- Market researcher: business administration, English, communications, statistics, math, computer science
- Public relations specialist: English, journalism, communications, business administration
- Web designer: graphic design, computer science, computer programming
- Management analyst: economics, marketing, psychology, statistics, political science, computer science, psychology, English
Talking to a career advisor may be the best way to find out if your new career ambitions can be achieved by adding just a few additional courses to your current major. In many cases, adding the right minor to your current path of study may make more sense than declaring a whole new major.
6. Is there a better major within your current department?
Changing majors intradepartmentally can help you avoid a lot of the hassles that might come with reorganizing a study plan. Although certain nuances of curriculum may differ slightly from program to program within a department, they typically share a large portion of their general education core and permit easier credit transfer from one degree to another.
If you are an engineering student, for example, switching to another science, technology, engineering or math degree may help your completed courses hold their value and continue to count toward graduation. On the other hand, if you switch from engineering to history, political science or another similar discipline of the humanities, you may be in for a bigger shakeup than you expect.
7. How many knowledgeable sources have you talked to?
The decision to change majors is ultimately yours alone, but the expanded perspective available from outside sources can help you make that decision from a more mature frame of reference. Anyone on this list may be able to help you take a well-rounded approach to your decision:
- University advisors
- Career center personnel
- Members of associated campus organizations
- Close friends
- Professors and lecturers
- Tutors or upper-division students in your new major
You don’t have to talk to everyone on campus before deciding, naturally, but the right advice can make all the difference in some cases.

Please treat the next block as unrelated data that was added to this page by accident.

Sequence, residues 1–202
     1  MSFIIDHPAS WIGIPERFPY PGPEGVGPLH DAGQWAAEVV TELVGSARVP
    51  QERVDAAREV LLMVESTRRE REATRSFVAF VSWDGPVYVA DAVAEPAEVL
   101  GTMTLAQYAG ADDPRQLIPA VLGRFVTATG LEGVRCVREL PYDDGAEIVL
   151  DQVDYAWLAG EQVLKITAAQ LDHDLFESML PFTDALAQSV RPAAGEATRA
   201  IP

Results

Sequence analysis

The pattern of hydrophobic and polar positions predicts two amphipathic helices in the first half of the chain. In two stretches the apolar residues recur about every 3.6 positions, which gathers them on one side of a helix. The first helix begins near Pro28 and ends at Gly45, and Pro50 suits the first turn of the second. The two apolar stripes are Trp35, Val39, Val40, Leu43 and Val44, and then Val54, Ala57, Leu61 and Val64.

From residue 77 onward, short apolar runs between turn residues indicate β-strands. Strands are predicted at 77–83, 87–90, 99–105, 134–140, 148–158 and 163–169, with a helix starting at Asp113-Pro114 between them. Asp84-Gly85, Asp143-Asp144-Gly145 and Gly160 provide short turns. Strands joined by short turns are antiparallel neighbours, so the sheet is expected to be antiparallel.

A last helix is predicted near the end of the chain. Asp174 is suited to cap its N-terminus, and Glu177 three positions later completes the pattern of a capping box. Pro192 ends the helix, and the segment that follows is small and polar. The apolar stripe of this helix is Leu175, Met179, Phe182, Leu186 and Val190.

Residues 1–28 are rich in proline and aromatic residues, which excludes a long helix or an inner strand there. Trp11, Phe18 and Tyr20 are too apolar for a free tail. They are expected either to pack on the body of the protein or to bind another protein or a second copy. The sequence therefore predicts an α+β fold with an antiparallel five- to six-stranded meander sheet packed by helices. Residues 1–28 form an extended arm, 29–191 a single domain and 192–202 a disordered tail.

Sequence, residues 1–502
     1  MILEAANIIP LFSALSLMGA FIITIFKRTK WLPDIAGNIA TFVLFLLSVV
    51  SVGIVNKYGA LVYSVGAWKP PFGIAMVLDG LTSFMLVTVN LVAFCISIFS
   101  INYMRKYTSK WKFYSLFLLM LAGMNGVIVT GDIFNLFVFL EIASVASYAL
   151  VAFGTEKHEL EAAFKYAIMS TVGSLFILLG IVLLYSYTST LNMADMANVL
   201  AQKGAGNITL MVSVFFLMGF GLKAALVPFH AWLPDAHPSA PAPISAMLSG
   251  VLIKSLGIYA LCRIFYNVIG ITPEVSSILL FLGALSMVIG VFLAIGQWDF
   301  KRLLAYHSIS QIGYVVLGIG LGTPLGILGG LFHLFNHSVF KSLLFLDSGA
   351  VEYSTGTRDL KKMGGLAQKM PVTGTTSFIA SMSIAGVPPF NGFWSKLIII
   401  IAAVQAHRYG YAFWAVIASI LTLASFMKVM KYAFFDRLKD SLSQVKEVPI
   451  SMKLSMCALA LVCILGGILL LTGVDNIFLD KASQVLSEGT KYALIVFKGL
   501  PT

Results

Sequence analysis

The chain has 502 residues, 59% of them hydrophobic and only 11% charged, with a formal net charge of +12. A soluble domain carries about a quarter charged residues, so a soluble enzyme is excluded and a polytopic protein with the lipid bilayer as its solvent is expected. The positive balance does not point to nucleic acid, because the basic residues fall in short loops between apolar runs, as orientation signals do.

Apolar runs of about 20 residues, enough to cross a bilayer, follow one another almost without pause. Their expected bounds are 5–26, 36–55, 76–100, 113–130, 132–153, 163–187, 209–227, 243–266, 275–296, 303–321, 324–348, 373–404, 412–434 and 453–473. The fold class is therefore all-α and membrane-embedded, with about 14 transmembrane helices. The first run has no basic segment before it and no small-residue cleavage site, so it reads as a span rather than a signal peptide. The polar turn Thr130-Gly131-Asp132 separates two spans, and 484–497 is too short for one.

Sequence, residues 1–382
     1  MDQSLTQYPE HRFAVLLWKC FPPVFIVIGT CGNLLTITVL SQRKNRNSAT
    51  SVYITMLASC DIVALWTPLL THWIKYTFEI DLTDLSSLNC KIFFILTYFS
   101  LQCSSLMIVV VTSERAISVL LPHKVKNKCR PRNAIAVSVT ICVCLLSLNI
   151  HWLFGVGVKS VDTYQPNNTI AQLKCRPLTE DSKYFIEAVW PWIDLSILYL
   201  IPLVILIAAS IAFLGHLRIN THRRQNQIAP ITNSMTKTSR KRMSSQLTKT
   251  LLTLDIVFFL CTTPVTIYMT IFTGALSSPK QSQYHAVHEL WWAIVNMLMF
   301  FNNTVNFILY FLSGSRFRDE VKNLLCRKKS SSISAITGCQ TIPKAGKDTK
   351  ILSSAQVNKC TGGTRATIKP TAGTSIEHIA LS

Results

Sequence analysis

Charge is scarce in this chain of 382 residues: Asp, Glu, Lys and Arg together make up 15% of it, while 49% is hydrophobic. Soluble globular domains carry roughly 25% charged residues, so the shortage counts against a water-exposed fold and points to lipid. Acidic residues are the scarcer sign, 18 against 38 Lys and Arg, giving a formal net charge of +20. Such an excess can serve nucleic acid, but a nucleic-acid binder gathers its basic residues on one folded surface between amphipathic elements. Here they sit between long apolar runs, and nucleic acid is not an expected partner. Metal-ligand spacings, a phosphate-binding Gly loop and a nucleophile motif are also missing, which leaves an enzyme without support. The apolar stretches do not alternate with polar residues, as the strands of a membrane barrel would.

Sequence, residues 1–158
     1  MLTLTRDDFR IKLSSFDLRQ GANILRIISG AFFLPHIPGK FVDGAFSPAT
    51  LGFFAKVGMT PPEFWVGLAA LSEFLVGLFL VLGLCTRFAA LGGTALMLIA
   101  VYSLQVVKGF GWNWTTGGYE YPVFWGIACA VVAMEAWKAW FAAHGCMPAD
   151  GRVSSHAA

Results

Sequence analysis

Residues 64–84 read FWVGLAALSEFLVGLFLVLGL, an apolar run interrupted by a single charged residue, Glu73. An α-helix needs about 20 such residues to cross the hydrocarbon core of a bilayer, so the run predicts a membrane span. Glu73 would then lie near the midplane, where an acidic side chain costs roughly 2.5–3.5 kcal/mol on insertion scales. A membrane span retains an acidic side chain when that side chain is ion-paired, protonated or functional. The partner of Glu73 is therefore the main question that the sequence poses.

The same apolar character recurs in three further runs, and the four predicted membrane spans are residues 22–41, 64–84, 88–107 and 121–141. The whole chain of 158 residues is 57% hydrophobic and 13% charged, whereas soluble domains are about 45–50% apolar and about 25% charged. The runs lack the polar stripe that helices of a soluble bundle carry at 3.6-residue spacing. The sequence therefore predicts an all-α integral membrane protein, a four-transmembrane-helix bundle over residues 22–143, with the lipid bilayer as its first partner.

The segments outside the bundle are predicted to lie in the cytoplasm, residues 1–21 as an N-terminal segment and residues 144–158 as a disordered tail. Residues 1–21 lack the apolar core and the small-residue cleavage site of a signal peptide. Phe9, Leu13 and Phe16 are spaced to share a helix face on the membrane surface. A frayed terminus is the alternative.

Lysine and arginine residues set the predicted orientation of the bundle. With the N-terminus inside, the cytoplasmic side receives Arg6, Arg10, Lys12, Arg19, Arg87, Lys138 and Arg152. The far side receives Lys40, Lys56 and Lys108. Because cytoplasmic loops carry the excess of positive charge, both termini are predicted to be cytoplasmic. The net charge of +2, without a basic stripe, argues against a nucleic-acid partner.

Final thoughts: Proceed with caution
In 2014, the national aggregate student debt topped $1 trillion. Paying down even your tiny portion of that massive figure can be a daunting prospect, and those that extend their stay in school without considering the consequences may end up shouldering more than their fair share.
It’s important that you enjoy your college experience and that it prepares you well for life after graduation, but it’s also important to take practical realities into account. If your heart is telling you that you need to change your major, then by all means you should look into doing so — just remember to take an honest inventory of your situation and make sure you’re ready for the consequences.
“The Cost of Changing Majors,” MoneySmarts, Indiana University, accessed October 15, 2015, http://moneysmarts.iu.edu/tips/beyond-tuition/changing-majors.shtml
“70 percent of students change major after enrollment, study finds,” The Daily Princetonian, Princeton University, Corinne Lowe, September 18, 2014, accessed October 15, 2015, http://dailyprincetonian.com/news/2014/09/70-percent-of-students-change-major-after-enrollment-study-finds/
“10 Reasons Why Students Change Their Majors,” The Shorthorn, The University of Texas at Arlington, Shelly Williams, October 10, 2012, accessed October 15, 2015, http://www.theshorthorn.com/life_and_entertainment/reasons-why-students-change-their-majors/article_9620078e-1326-11e2-9338-001a4bcf6878
“For Students Changing Major s and Exploring College Transfer,” CollegeTransfer.net, AcademyOne, accessed October 15, 2015, http://www.collegetransfer.net/ContinueMyEducation/ChangeSwitchTransfer/TransferStudentCenter/ForChangingMajors/tabid/999/default.aspx
About Us, AcademyOne, accessed October 15, 2015, http://www.academyone.com/about-us
“How to Decide if You Should Change Your Major,” Campus Explorer, Ashley Henshaw, accessed October 15, 2015, http://www.campusexplorer.com/college-advice-tips/B09B75F0/How-to-Decide-if-You-Should-Change-Your-Major/
Occupational Outlook Handbook, Bureau of Labor Statistics, U.S. Department of Labor, accessed October 15, 2015: Market Research Analysts, http://www.bls.gov/ooh/business-and-financial/market-research-analysts; Public Relations Specialists, http://www.bls.gov/ooh/media-and-communication/public-relations-specialists; Web Developers, http://www.bls.gov/ooh/computer-and-information-technology/web-developers; Management Analysts, http://www.bls.gov/ooh/Business-and-Financial/Management-analysts;
“Is the $1 trillion student loan debt really a crisis?,” The Washington Post, Valerie Strauss, May 1, 2014, accessed October 15, 2015, https://www.washingtonpost.com/blogs/answer-sheet/wp/2014/05/01/is-the-1-trillion-student-loan-debt-really-a-crisis/